May 18, 2006

Yati's style beehoon goreng

This used to be a favourite after-school lunch for my sister and I when we were younger. I used to watch longingly and impatiently as Yati(our Indonesian maid) fried strings of yummy beehoon. When I came to Australia on my own, I tried hard to replicate Yati's beehoon-goreng(goreng means fried in malay) but it just wasn't the same. I guess its the special soysauce my mom gets specifically pre-ordered in Malaysia. I miss Yati since she decided to return home to get married. I hope shes doing well. She was the best at what she did and lots of fun to be around. To show my appreciation for her days spent with our family; I shall name my fried beehoon after her. Hehe.
For those who are unfamiliar with the term beehoon, click here. I am not certain on how beehoon became a Malaysian term for this noodle of Chinese roots, however in proper English, beehoon is known as rice vermicelli. Here is a picture of dried vermicelli from Wikepedia.

2 cakes dried beehoon (soaked in salted water for at least 15 minutes)
2 chunks chicken thigh marinated in soysauce and diced
half a handful of dried prawns (har-mai)
3 stalks shallots diced
2 cloves garlic diced
1 large carrot peeled and diced
2 tbsp light soysauce
1 tbsp dark soy sauce
1 tbsp kecap manis
1tbsp sambal(optional)
2 tsp dried chili flakes(optional)
2 tsp chicken stock powder diluted in 1 cup water
1 tbsp sesame oil
Heat sesame oil in a wok with the flames on high. Shallow fry chicken, shallots, carrots, prawns and garlic. Add in sauces and reduce heat. When mixture is fragrant and chicken pieces are almost done, place in beehoon and chicken stock mixture. Toss in wok until well combined and sauce is absorbed. Serve with extra chopped shallots or sliced shreds of thin omelete.
This recipe is from what I had ready in the fridge today, feel free to use prawns, mince meat or make it vegetarian if you like. Experiment! *wink*


Anonymous said...

heeey, i'm a beginner in baking :D how do u actually model such cute decorations on ur cake! icing sugar?

Su-Yin -Décorateur said...

hey anonymous...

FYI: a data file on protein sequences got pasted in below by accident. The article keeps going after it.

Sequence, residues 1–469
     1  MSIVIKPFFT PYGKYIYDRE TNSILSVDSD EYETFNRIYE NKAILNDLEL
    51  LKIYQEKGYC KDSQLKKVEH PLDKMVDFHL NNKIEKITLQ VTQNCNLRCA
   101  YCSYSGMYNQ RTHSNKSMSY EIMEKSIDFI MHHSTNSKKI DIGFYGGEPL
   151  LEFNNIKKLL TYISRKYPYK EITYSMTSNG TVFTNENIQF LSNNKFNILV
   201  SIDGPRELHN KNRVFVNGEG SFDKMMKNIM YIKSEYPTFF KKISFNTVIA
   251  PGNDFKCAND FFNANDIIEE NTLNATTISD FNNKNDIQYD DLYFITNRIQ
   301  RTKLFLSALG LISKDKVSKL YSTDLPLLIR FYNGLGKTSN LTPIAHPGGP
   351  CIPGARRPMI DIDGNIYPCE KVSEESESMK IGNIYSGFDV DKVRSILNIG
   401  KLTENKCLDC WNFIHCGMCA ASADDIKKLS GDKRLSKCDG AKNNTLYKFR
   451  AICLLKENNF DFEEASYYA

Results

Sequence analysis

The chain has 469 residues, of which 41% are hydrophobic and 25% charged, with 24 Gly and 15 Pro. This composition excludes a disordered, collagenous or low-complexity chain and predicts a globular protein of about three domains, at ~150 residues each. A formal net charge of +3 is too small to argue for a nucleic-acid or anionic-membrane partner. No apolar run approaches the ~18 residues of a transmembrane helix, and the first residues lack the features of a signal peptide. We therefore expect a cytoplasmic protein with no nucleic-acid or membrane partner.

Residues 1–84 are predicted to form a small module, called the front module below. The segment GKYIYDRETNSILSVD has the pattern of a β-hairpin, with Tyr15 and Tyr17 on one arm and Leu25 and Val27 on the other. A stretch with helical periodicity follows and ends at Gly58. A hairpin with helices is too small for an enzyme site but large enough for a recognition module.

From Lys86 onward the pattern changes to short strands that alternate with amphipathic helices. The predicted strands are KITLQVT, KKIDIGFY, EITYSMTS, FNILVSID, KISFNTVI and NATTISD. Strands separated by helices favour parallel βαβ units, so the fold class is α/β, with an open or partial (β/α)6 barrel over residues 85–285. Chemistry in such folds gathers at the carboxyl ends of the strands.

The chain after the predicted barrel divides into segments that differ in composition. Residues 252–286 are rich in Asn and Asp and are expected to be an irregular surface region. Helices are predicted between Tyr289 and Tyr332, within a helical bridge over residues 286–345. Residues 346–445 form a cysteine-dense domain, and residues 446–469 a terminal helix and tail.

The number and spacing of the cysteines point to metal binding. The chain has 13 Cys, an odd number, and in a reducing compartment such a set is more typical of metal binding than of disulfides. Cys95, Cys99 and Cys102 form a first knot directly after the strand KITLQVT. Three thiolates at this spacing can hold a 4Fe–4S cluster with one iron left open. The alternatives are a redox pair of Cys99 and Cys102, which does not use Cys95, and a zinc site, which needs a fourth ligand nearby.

some of the decorations are piped out with piping bags and then painted on..most of them are from royal icing and some buttercream for border designs...if its the little models of animals, flowers and animals that i make, those are made from fondant (sugar paste)and some from modelling chocolate. It's a mixture of icing sugar, gelatine, liquid glucose and light corn syrup. Some recipes require gum tragacanth which helps the models dry up quiker while you mold them.I knead them in a range of food colouring. If you could not be bothered making the paste on your own...get them from sugar craft stores. Most of them have ready made paste or in powdered form.

Anonymous said...

try this your beehoon will taste better.after soaking your beehoon in plain water drain. then you season it with light and dark soya sauce. put a dash of pepper too.

cook the meat it up.
then put some oil into the wok then put in the beehoon fry for a while to fragrant it then put in your cooked meat and gravey.

this should give it more flavour


Anonymous said...

nearly forgot try replacing the kecap manis with oyster sauce. mom

Anonymous said...

Hey there Su-Yin,

I tersempak your bee hoon goreng recipe online. Cuz I was dying for one my own. Living in Dubai and away from home is not easy to satisfy my Malaysian tummy at all!!

Though I didn't goreng my bee hoon the exact way you did, but I improvised a little.

I had a Bee Hoon Goreng Ikan instead. :)

Thought of sharing it with you:
-heated sesame oil
-put in minced onions + garlics + fishball + crabstick
-put in my tumeric fried tuna fish (from yesterday) in small pieces
-add in beehoon and Pak Choy
-add in small amount of fish stock (diluted in water)
-add in soya sauce
-stir frying all the while
-lastly i added in 1 beaten egg with added salt.

it turned out pretty nice ! heehee

Thanks for giving me ideas!


-Cassandra from Dubai.

Anonymous said...

halo! thanks very much for ur recipe..will try it and hope it is sedap!

im a malaysian residing in germany now and craving for msian food!

Anonymous said...

Hi I just read this post now, but to clue you in why it's called beehoon, it's because beehoon is the Fukkienese equivalent of the Mandarin word 米粉, literally "rice noodles" :)

- erin

Anonymous said...

I am an aussie... with indian/malaysian roots... living in amsterdam and today I found an asian grocer.... i have my beehoon ready to go and will try your recipe!!! Thank you for sharing it with us... I'll replace kecap manis with oyster.. let's see :)